auDA was proud to be a sponsor and an active participant at the 2021 NetThing Forum, which was held as a virtual event on 4-5 November. NetThing is Australia’s Internet Governance Forum, an annual event for multi-stakeholder discussion of Internet-related public policy issues in Australia.
NetThing aims to provide an open, diverse and inclusive platform for participants from industry, government, the technical community, academia and civil society to explore ideas for solutions to policy problems and to connect Australia to the regional and global Internet Governance Forums. It’s open to all interested stakeholders.
This year’s theme was ‘Building Bridges’. Sessions were developed following an open call for submissions and covered a wide range of topics, including:
- Protecting Australia’s critical infrastructure
- Vaccine passports and digital rights
- Misinformation and disinformation
- Digital platforms
- Technology and environmental sustainability
- The Internet as an essential service.
You can read more about the sessions and speakers here.
The opening keynote on Day 1 was delivered by Australia’s Ambassador for Cyber Affairs and Critical Technology, Dr Tobias Feakin, who noted the bottom-up multi-stakeholder Internet governance model is under increasing pressure from those seeking to establish state-based control of the Internet. Ambassador Feakin confirmed the Australian Government will continue efforts to push back against a more authoritarian vision for the Internet. He encouraged greater industry engagement with Internet governance and technical standardisation processes to develop appropriate policy and strategies to support and maintain the multi-stakeholder governance model into the future.
Associate Professor Johanna Weaver, Director of the Australian National University’s Tech Policy Design Centre, delivered the keynote on Day 2, speaking about maturing the tech policy ecosystem. Johanna spoke about the importance of having tech policy frameworks that are fit for purpose, and noted the existing policy structures are struggling to keep pace with the rate of tech innovation. She highlighted the need to foster mature public debate on tech policy issues and explained the Tech Policy Design Centre aims to play a key role in this.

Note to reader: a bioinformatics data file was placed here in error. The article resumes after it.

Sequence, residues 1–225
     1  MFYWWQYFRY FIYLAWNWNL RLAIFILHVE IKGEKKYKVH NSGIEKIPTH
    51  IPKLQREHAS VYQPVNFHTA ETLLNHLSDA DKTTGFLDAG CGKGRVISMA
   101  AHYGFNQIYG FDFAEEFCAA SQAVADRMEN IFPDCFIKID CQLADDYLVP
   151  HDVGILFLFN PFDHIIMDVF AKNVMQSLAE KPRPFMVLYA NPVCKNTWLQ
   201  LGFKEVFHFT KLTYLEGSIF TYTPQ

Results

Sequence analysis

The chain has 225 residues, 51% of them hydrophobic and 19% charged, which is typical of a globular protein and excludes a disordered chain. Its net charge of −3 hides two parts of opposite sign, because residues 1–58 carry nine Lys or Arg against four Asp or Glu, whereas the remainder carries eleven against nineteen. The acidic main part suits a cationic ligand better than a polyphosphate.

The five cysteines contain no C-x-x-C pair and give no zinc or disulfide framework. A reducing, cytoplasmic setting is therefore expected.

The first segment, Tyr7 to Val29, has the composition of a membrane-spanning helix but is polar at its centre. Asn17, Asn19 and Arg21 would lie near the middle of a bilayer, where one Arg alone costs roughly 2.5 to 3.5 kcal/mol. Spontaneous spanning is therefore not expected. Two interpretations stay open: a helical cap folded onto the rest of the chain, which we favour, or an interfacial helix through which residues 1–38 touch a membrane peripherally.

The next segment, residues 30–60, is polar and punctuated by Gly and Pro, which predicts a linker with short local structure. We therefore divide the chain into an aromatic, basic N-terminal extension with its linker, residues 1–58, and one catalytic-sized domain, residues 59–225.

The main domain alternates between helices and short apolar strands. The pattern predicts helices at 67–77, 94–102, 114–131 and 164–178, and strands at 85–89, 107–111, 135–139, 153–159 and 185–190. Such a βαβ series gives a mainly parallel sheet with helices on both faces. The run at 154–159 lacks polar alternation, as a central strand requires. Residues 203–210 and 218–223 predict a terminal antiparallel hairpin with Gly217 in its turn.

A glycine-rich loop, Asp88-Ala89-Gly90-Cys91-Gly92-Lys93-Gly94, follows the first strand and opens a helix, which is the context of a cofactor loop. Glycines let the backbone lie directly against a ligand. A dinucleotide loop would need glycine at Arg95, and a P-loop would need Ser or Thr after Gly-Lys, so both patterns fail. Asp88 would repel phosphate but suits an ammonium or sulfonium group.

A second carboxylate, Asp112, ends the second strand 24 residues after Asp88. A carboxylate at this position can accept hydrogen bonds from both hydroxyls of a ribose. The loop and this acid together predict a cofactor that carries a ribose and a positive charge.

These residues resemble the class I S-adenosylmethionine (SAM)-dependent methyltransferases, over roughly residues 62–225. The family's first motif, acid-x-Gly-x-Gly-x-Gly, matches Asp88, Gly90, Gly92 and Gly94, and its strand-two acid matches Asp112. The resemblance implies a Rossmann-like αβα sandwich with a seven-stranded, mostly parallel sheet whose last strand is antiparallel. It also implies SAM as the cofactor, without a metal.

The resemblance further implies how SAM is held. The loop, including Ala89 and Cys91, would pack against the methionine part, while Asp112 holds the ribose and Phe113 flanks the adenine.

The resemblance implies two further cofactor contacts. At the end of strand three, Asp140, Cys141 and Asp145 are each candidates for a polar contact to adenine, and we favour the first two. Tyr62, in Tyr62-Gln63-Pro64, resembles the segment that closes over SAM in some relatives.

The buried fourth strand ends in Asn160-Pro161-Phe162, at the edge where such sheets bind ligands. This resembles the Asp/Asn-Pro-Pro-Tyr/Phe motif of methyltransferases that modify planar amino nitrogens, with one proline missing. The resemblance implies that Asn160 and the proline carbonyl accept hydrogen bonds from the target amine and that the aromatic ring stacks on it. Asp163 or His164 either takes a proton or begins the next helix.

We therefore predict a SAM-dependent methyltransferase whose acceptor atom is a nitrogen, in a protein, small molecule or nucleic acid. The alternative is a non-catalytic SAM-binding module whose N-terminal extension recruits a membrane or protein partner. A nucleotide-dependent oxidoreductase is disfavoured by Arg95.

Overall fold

auDA also featured on the agenda. Our CEO, Rosemary Sinclair AM, joined auDA Director Sandra Davey in a fireside chat on administering the .au domain for the benefit of all Australians and how auDA delivers value for the Australian community. They discussed auDA’s strategic focus areas of building trust in the .au domain, how auDA supports innovation, and auDA’s commitment to multi-stakeholder engagement.
Our Chief Operating Officer, Dr Bruce Tonkin, joined Alan Woods, Senior Manager of Policy and Compliance, Donuts Inc, and Henry Shirer, Technical Analyst, Cybercrime Operations, Australian Federal Police, in a panel discussion on DNS abuse, moderated by Chris Disspain, Chair of DNS Capital Ltd. The panel discussed what DNS abuse is and how the domain name industry is collaborating to develop solutions to combat it, including through the work of the DNS Abuse Institute. Bruce, who is a member of the Institute’s Advisory Council, noted that around 0.04 percent of domain names in .au are associated with DNS abuse. This is well below the global average but auDA is committed to driving this down even further.
Bart Hogeveen from the Australian Strategic Policy Institute demonstrated the .auCheck webtool, which was developed with support from auDA. .auCheck is designed to help promote the uptake of common Internet security standards by providing a suite of open-source tests that allow users to check whether websites, email domains and connections are set up using the latest, secure Internet standards. .auCheck is currently going through final testing and will be released publicly in 2022.
NetThing 2021 was livestreamed and recorded. To learn more and catch up on any sessions you missed, visit the NetThing website.